That reliance on government has a baneful effect on society and on the individual is not entertained by Ms. Julia, nor is there any mention of the incompatibility between the Nanny State and the U.S. Constitution. By the time Julia has reached the age of Social Security she will be burdened with a debt of $45,000. If one multiplies Julia by the thousands, arguably the millions, unemployment will remain unnaturally high, entrepreneurship will be a disappearing concept, and Social Security will assuredly be bankrupt.

One gets the distinct impression Julia is European. She is offered the Faustian deal of cradle-to-grave security by a government promising more than it can or should deliver. In the process, the economy founders, debt mounts, currencies fail, and the moral strength of the West falters.

Julia is to Obama what Goldstein is to Orwell. One is presumably asked to pay obeisance to a female narrative that has an inevitably destructive outcome, albeit not one recognized by the Obama team. Similarly, in 1984 obeisance is paid to Goldstein as the exemplar of government involvement. It is a ritual without purpose. In fact, Julia is also a symbol of government that nurtures and provides even as it takes and devours.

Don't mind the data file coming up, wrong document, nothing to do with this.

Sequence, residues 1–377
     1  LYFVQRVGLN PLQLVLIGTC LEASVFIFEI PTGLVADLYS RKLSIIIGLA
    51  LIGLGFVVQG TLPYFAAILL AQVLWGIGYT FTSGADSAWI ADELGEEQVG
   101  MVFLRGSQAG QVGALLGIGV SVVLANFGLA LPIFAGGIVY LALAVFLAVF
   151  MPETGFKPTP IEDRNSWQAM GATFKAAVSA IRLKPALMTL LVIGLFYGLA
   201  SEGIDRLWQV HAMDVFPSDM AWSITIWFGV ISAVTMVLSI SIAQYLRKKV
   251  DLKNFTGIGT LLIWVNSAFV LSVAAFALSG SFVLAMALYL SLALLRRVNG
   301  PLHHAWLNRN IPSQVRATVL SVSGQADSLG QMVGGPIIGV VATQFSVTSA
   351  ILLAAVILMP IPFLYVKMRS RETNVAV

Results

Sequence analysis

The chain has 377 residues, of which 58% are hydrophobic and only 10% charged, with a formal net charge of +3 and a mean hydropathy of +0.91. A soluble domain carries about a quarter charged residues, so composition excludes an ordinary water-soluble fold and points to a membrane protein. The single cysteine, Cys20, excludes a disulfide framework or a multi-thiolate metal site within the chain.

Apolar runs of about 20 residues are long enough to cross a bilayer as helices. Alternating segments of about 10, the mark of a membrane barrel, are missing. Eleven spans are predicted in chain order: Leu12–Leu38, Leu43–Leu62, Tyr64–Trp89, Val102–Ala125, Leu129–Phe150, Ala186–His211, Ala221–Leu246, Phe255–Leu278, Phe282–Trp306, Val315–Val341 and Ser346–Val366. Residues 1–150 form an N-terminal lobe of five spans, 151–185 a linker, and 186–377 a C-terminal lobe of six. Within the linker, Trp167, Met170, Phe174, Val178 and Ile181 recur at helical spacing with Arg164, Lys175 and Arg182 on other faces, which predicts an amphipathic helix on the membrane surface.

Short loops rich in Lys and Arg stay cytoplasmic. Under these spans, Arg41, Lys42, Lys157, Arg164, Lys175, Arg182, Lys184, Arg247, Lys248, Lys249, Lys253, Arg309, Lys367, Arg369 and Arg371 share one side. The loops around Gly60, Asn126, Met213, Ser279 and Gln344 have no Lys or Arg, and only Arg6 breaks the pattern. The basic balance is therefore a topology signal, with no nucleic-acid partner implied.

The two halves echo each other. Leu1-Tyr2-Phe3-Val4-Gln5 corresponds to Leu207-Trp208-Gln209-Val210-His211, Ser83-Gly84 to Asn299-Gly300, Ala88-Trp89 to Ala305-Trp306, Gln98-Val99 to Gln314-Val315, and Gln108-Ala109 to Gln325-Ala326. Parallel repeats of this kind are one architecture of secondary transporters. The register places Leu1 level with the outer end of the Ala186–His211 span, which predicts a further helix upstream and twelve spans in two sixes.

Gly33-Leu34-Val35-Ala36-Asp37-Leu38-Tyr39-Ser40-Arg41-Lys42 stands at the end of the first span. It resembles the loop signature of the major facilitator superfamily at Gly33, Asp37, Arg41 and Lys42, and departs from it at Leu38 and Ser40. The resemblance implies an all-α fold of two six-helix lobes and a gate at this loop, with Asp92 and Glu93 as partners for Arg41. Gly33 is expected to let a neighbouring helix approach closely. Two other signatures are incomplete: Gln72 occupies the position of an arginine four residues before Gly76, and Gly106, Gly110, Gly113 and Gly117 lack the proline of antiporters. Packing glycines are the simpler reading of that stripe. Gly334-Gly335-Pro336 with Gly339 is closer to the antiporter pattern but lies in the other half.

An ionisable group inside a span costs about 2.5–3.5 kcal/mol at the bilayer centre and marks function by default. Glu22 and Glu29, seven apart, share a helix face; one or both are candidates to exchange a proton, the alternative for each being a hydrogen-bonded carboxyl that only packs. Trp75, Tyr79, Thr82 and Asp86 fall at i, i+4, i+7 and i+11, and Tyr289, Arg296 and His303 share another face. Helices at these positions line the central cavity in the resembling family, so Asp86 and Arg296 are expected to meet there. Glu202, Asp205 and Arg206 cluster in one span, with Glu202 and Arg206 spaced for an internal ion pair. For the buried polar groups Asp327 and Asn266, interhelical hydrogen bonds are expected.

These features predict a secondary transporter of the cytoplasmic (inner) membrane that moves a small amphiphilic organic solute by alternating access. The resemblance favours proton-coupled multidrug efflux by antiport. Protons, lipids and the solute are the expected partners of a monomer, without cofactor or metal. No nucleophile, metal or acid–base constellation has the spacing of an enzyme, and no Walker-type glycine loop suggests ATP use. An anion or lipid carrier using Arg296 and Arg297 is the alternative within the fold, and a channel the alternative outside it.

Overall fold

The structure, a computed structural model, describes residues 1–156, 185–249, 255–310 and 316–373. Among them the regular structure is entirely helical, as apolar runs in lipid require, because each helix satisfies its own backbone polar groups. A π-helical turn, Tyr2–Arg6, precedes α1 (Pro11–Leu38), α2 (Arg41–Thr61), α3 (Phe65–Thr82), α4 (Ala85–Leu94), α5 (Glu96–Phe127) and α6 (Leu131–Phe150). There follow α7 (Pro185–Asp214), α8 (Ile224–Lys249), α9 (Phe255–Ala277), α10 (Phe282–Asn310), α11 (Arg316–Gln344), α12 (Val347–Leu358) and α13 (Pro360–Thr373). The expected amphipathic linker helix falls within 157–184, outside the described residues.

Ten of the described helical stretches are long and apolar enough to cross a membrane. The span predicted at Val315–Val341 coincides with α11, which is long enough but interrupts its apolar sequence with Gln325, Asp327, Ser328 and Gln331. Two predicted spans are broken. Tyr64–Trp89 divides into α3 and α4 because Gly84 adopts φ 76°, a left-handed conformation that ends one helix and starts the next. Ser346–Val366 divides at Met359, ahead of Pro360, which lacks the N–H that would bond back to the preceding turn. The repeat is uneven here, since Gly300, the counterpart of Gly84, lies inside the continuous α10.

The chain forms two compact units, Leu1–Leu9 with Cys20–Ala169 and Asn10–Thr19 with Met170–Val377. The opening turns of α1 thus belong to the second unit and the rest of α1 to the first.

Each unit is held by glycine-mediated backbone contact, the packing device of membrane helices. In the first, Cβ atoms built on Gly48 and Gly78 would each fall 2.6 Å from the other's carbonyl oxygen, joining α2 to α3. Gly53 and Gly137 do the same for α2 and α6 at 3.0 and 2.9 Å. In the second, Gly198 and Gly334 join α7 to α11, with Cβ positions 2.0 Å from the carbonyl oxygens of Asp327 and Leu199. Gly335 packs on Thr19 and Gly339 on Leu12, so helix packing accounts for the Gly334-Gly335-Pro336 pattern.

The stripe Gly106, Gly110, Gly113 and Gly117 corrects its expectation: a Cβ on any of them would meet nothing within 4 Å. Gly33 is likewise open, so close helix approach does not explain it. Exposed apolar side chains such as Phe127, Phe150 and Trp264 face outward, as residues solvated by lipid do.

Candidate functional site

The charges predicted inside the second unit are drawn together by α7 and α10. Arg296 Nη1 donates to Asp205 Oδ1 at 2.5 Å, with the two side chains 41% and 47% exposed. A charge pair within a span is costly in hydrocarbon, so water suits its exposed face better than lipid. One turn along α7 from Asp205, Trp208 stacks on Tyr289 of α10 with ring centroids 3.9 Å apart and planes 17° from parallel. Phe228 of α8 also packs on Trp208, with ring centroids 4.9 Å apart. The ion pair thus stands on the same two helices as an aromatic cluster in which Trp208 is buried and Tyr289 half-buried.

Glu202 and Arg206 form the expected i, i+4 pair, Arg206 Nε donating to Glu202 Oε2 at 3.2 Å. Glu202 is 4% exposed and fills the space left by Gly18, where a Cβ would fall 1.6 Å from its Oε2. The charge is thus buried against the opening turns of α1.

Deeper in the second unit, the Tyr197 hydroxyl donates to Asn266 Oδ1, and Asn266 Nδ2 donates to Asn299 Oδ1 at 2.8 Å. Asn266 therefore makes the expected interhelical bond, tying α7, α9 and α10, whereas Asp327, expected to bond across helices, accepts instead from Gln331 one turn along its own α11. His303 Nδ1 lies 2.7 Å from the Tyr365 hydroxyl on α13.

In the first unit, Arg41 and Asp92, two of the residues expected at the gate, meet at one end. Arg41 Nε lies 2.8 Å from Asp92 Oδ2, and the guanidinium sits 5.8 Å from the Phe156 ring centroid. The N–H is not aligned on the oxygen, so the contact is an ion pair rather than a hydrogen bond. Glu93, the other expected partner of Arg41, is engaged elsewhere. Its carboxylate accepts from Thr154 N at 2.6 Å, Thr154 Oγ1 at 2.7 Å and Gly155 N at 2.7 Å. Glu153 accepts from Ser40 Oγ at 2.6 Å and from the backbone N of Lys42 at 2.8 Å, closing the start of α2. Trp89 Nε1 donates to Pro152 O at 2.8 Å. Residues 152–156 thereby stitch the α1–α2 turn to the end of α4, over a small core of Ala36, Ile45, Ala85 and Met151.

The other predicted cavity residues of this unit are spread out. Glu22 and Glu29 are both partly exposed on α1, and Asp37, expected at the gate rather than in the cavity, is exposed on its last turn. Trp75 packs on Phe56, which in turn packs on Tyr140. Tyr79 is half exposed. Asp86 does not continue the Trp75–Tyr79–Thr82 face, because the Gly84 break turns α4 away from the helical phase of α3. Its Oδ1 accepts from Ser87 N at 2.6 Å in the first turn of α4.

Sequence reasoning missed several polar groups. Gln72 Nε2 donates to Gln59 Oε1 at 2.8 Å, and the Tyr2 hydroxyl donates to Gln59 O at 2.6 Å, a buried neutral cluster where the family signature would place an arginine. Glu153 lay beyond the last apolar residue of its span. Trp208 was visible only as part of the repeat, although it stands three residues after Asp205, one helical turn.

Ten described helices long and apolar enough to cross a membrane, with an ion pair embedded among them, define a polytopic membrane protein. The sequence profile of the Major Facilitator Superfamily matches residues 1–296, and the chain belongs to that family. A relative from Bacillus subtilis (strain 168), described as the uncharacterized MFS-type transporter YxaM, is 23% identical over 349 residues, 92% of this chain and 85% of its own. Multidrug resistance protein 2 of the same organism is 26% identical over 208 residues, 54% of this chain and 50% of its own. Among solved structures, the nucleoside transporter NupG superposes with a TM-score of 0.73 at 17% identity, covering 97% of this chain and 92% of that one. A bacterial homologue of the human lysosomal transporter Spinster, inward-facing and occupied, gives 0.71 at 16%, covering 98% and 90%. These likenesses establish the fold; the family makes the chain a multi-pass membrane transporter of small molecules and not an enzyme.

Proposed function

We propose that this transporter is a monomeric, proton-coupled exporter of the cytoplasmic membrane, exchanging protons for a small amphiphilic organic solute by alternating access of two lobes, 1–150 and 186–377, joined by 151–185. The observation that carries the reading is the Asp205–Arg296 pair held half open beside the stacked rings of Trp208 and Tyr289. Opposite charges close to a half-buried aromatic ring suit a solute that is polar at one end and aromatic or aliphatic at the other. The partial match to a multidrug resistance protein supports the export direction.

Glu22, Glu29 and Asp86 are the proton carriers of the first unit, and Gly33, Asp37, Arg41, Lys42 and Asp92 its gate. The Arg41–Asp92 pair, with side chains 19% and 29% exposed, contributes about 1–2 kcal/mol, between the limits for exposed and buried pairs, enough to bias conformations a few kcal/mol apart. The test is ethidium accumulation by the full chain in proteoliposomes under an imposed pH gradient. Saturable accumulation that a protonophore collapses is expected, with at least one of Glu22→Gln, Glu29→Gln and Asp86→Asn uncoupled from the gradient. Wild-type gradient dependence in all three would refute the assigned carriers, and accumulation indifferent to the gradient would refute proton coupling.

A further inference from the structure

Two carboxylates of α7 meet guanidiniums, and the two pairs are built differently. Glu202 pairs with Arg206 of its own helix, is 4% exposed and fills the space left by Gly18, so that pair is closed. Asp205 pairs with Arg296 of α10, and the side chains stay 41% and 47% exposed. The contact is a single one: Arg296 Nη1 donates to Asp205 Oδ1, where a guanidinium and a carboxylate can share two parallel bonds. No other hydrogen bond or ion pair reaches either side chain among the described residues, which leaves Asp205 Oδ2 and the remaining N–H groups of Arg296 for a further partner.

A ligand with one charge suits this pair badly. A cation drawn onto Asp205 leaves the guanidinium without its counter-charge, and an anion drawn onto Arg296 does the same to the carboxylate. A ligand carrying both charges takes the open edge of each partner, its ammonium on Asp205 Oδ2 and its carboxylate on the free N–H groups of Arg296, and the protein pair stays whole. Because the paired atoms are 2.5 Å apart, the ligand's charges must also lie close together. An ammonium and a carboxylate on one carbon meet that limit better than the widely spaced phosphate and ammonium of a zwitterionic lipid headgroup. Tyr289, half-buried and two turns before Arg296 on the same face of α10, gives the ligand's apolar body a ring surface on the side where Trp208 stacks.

It is one thing to discuss government's role as a "helping hand" when there aren't alternatives, but it is quite another matter to think of government as a crutch to be relied on throughout life. For the Obama campaign team to think this is an appropriate message is revealing. Either Obama operatives believe the public, the female public, will find this narrative appealing or they believe women are too myopic to see the implications in this government scheme.